Bank of Canada Ups Key Overnight Rate
The Bank of Canada (BoC) made a significant move on Wednesday by increasing its key overnight rate by a quarter of a percentage point, pushing it to a staggering 5.00%. This is the highest it has been since 2001. The central bank's concern is rooted in excess consumer spending, which could potentially derail efforts to keep inflation to the targeted 2%.
The Impact of Increased Borrowing Costs
The decision to boost borrowing costs by 25 basis points is the second hike in two consecutive months, much in line with analysts' and markets' expectations. The BoC broke its five-month hiatus in June, when it upped the overnight rate, stating that the monetary policy wasn't sufficiently restrictive.
Revising Growth Forecasts and Inflation Target
In its recent statement, the BoC no longer mentioned rates being insufficiently restrictive, but it did revise its growth forecast for the year. The bank also delayed its inflation target expectations by six months, now aiming for mid-2025. Persistent excess demand and core inflation measurements in the 3.5%-4% range over the past few months have heightened concerns about the Consumer Price Index (CPI) inflation exceeding the 2% target.
Market Response and The Strengthening Canadian Dollar
In response to this rate hike, Canadian money markets placed higher bets on another imminent increase, projecting rates at 5.14% by December. The Canadian dollar also experienced an uptick, strengthening to 1.3157 against the U.S. dollar—a 0.6% rise for the day.
Economic Resurgence Despite Previous Hikes
Despite having implemented nine previous rate increases—totaling 450 basis points since last March—the economy bounced back in May. A likely growth of 0.4% is forecasted for the month, following a stall in April. The BoC upgraded its prediction for the annualized quarterly growth in Q2 from 1.0% to 1.5% in April. A similar expansion of 1.5% is anticipated in the third quarter. Meanwhile, the real GDP growth for 2023 is projected at 1.8%, up from the April forecast of 1.4%.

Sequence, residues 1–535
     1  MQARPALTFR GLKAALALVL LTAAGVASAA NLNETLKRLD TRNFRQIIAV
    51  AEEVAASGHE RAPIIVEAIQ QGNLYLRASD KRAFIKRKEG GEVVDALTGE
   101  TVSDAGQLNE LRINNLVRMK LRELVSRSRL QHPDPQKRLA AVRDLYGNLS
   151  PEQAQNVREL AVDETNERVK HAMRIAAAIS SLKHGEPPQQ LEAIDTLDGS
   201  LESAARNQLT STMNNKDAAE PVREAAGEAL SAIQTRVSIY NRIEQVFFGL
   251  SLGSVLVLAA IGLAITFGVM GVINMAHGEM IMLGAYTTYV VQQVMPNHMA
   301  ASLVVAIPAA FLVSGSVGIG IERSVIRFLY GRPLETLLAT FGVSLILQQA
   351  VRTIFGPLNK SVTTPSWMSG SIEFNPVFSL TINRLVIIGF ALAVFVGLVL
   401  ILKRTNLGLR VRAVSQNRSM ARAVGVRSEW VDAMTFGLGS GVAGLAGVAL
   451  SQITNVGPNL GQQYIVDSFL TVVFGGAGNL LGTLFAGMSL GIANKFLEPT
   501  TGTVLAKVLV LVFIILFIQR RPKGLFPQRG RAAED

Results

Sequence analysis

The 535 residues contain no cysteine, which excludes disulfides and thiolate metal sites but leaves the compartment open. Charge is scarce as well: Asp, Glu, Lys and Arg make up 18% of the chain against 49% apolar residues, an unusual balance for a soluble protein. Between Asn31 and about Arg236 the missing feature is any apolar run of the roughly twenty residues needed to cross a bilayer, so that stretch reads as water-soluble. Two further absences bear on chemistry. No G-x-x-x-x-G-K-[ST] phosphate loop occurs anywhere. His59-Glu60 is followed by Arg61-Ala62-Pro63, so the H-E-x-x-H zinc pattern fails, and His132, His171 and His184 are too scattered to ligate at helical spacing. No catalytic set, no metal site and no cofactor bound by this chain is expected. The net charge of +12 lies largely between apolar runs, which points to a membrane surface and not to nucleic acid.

Persistent Inflation and Forecast Changes
While the headline inflation slowed to 3.4% in May, a substantial decline from last year's peak of 8.1%, the BoC's core measures' three-month annualized rates have remained stubbornly high. Higher-than-expected housing costs, sustained demand, and a slower-than-anticipated decline in goods prices, excluding food and energy, are keeping the inflation rates elevated.
The central bank expects inflation to return to 2% by mid-2025. However, the precise timing remains uncertain due to the gradual trend of inflation toward the target. It's important to note that the last time the BoC's overnight target rate stood at 5.00% was back in March and April of 2001.
Rate Hike: Expectations Vs. Reality
Before the announcement, a Reuters survey of 24 economists revealed that 20 had predicted the central bank would boost rates by a quarter of a percentage point. Additionally, money markets had projected over a 70% chance of a rate hike before the formal announcement.